New Schools for Baton Rouge is proud to highlight educators and partners that work to ensure every child in Baton Rouge has access to high-quality education.
In this educator spotlight, we profile Courtney Bell, Principal at Capitol High School. Courtney shares strategies for creating an engaging and nurturing learning environment to unlock her students’ full potential.
What drew you to education?
I actually vowed to never be a teacher. My grandmother taught middle school, and at the collegiate level, I dreamed of working at the CDC and owning a nonprofit that catered to those struggling with housing insecurity. I was working for a financial literacy nonprofit that serviced single mothers and those transitioning out of prison when I fell in love with the teen programming and working with their children. That coupled with my love for college math tutoring at LSU offered up a perfect partnership between a natural skill (math) and a new love (middle school students) in the form of a middle and high school math teacher.
How do you celebrate Black Excellence in the classroom?
We celebrate Black Excellence in the classroom, in the hallways, in the front office, on the bus! How we love, how we speak love, how we partner with the community, how we celebrate the small wins and the big wins – that’s black excellence. From Brotherhood and Sisterhood circles, to morning announcements, to Motherland and Melanin Mondays, to Black Stats in senior math, and Black Mental Health in JAG. Our goal is to cultivate and nurture productive citizens with healthy self-images which is only possible through the celebration of their blackness and excellence at school.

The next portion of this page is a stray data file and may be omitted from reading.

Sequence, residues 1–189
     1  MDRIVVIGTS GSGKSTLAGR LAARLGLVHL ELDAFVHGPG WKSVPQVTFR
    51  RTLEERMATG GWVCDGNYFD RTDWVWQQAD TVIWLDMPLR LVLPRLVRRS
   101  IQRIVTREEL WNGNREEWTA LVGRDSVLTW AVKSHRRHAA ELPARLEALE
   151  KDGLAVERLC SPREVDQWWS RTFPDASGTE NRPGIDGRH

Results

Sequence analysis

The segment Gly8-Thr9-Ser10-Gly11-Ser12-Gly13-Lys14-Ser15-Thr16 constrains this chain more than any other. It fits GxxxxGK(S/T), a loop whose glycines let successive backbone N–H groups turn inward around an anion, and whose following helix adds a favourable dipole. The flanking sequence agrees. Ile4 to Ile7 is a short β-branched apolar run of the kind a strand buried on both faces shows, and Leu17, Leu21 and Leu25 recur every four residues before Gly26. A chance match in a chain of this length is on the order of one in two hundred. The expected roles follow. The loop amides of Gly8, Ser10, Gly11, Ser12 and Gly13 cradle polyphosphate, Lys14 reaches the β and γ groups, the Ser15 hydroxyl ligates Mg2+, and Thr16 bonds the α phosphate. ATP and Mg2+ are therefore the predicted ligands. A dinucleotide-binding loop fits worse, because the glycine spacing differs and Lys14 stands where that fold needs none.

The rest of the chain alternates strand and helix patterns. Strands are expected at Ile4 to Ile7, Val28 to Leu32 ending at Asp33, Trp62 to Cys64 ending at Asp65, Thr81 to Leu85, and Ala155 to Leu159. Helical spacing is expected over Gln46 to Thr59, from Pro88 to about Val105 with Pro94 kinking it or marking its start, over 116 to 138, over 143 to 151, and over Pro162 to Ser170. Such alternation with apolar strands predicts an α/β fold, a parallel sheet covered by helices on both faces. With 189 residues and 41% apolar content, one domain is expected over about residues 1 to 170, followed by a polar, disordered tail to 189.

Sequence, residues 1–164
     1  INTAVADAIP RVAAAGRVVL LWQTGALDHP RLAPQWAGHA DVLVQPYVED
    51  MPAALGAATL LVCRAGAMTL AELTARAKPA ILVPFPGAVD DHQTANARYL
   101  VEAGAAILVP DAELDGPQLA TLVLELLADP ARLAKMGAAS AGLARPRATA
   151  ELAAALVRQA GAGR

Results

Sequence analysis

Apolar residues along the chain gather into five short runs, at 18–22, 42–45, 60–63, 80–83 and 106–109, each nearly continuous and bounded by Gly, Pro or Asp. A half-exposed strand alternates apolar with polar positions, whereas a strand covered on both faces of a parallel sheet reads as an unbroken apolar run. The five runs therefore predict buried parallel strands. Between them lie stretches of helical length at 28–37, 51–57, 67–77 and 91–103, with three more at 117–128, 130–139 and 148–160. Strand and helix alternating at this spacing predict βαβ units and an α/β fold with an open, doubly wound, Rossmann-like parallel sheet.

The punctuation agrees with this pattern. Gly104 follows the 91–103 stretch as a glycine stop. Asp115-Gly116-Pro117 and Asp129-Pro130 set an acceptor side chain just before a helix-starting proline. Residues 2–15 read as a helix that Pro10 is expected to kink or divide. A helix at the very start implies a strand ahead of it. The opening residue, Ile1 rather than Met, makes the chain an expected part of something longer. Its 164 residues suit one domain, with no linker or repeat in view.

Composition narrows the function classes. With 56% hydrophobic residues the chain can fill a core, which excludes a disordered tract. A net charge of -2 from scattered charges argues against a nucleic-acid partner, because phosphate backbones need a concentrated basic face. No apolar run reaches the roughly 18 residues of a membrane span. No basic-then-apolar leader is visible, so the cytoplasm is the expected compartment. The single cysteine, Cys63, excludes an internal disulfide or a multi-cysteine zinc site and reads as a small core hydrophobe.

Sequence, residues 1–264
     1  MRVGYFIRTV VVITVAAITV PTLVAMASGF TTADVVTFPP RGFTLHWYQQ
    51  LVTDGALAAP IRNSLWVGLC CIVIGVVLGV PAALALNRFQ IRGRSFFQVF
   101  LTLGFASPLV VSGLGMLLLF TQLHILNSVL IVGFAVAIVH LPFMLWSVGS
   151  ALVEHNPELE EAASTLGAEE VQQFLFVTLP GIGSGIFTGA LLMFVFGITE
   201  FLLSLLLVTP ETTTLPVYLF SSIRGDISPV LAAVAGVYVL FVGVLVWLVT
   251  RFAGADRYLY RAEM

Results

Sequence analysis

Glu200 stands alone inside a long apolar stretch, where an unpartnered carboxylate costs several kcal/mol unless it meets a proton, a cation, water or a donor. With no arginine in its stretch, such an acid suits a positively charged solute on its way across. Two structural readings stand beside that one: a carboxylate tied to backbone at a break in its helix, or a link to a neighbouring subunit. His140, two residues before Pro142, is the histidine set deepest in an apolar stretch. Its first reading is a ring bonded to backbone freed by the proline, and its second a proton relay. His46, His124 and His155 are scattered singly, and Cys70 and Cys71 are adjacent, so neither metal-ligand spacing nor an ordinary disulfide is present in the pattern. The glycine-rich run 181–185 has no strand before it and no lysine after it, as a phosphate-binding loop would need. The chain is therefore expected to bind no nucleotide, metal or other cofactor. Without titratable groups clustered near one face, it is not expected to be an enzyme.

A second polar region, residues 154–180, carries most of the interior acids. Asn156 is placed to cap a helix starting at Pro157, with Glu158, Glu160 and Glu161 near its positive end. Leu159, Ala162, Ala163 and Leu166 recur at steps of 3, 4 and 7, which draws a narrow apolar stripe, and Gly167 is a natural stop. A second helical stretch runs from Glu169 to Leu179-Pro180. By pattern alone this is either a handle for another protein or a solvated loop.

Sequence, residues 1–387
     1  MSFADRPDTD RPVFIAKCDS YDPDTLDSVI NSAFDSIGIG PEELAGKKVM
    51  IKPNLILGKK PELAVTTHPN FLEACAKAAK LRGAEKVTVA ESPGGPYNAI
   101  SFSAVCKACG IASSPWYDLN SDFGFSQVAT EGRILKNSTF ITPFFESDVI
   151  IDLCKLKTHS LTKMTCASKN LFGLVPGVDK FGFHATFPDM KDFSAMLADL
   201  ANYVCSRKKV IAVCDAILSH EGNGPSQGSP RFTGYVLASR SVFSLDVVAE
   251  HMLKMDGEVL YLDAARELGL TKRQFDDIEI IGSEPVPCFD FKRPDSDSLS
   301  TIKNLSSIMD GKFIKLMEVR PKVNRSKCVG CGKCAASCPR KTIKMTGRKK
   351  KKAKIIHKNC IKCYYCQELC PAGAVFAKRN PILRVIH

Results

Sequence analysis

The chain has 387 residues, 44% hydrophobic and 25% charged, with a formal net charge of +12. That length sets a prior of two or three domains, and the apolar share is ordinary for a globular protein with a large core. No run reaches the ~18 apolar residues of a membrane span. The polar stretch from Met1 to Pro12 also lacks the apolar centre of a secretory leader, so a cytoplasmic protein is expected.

What inspires you on a daily basis about education in Baton Rouge?
My love for Baton Rouge. I am Baton Rouge, I am from Baton Rouge. My grandparents are from Baton Rouge and are Black History in Baton Rouge. First Black Girl Scout Troop, one of the First Black Real Estate Brokers, First Black man to serve on the Planning and Zoning Commission, on the BREC Commission, my grandmother sat on the Zoo Commission Board, they were founding members of the Krewe of Camelot here in Baton Rouge. It is my blood, it is my city, it is my legacy – it is my grandparents’ legacy. And the wealth of knowledge and talent that exists here ready to be unearthed is astounding. I saw my grandparent’s generation do the work and make lasting change. It is now time for me to invest in the community and in students via the dismantling of unjust education systems and inspire the same level of change.
What makes you hopeful about the future?
My kids. The qualitative and quantitative outcomes of the work we are doing every day at Capitol. The marrying of love and joy with accountability and responsibility. The leadership development and growth mindsets of my staff and of kids. Their constant shift from what’s impossible to what’s possible, and from deflated to hopeful is what makes me excited about the future.